- Always get back to the ready position.
Here are some common errors to look out for in your own shot.
- Playing in front of your body. The backhand drive and push should be played directly in front of your body. However, do this for your forehand shots and you’ll be in trouble. Check to make sure the angle of your elbow is pointing your forearm to the side of your body. It can feel a little unnatural at first. It is similar to a fencing position (if you can imagine that).
- Overextending the arm. The forehand push should be played with a relatively bent arm throughout the stroke. Overextending the arm is a common error among beginners that are playing the stroke in front of their body. They lunge their arm directly at the ball and finish with a straight elbow. It is very hard to control the ball like this.
- Swiping across yourself. This is another common error caused by playing the forehand push in front of your body. Some players lunge forwards (the direction of movement is correct but the movement is incorrect), as mentioned in point two, others will swipe across their body (the movement is correct but the direction of movement is incorrect).
- Not using the natural rotation of the body. As with the forehand drive, the forehand push requires a small amount of rotation from the hips, torso and shoulders. If you think about it this is the natural way to play but often beginners end up looking like robots because they are too stiff. Relax and allow your body to turn with the stroke.
- Too much wrist. At an intermediate and advanced level the wrist can be added to the push to generate a little more spin. However, when first learning the shot concentrate on the rotation of the body and the movement of the arm. Worry about the big bits first and the smaller bits (such as the wrist) can be easily added on later. Start with the wrist and it’s quite hard/more difficult to add bigger movements (such as the correct forearm movement) later on.
- Don’t ‘poke’ or ‘prod’. As I said with the backhand push avoid the temptation to play short, sharp strokes. Learn to play a smooth forehand push stroke with lots of feeling and control.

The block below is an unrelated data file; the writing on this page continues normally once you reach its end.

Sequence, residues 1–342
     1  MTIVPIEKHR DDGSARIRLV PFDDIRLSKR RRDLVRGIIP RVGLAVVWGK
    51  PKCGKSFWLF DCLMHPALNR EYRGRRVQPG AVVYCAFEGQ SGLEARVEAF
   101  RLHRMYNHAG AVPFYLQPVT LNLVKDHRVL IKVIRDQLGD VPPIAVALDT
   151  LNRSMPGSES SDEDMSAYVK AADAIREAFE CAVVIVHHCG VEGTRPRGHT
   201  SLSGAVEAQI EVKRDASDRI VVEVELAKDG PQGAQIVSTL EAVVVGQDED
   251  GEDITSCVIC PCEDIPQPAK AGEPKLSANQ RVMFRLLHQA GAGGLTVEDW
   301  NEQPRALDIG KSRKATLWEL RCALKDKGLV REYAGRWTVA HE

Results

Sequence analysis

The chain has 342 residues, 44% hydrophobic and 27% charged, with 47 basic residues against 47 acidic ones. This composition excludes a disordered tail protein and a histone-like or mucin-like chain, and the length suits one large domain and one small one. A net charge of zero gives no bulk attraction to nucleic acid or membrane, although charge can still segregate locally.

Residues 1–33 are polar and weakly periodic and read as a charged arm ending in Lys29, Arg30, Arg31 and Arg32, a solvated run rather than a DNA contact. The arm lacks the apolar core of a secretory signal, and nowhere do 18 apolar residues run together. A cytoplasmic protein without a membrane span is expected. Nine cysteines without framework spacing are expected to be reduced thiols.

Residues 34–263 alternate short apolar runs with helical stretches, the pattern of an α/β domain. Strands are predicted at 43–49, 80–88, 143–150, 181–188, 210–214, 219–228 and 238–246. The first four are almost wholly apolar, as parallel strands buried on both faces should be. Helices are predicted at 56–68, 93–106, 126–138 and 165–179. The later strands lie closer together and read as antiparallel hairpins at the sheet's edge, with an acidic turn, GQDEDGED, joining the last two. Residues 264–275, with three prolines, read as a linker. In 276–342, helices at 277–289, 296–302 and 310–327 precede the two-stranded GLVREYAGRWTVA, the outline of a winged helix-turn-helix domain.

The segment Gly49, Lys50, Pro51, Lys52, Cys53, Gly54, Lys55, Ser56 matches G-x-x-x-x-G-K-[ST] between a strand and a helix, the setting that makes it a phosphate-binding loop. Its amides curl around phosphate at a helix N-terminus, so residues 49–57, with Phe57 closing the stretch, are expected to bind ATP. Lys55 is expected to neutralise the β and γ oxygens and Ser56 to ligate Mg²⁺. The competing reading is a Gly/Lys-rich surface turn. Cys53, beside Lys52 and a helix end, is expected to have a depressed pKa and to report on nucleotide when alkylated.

- Taking the ball too late. Either taking the ball after the peak of the bounce or trying to take it in line with or behind your body will make the stroke very difficult. Strike the ball at the peak of the bounce or slightly before (when it is still on it’s way up) and make sure the contact point is in front of the body.
- Don’t ‘scoop’ the ball. Many beginners play a “scoop” push where the try and go down the back of the ball and then continue to move up the front of the ball, with the bat finishing high. It follows a U-shape. This is not correct and will stop you from generating backspin. Concentrate on brushing the ball in just one straight line. Your bat should be finishing quite close the table as it will be travelling down slightly during the stroke.
That should be everything you need to know to play a correct forehand push. As I said before it’s probably the most difficult of the four basic strokes but it’s well worth mastering early on. Avoid the temptation to move on to serves and topspins before you’ve learnt the pushes!
There are lot of other great videos on YouTube showing the forehand push in action so definitely have a look at them if you require further help or drop me a line/leave a comment. I’d be happy to help.
And of course make sure you head over to my How to Play Table Tennis page for all the other technical training you’ll need to develop from a beginner to a pro.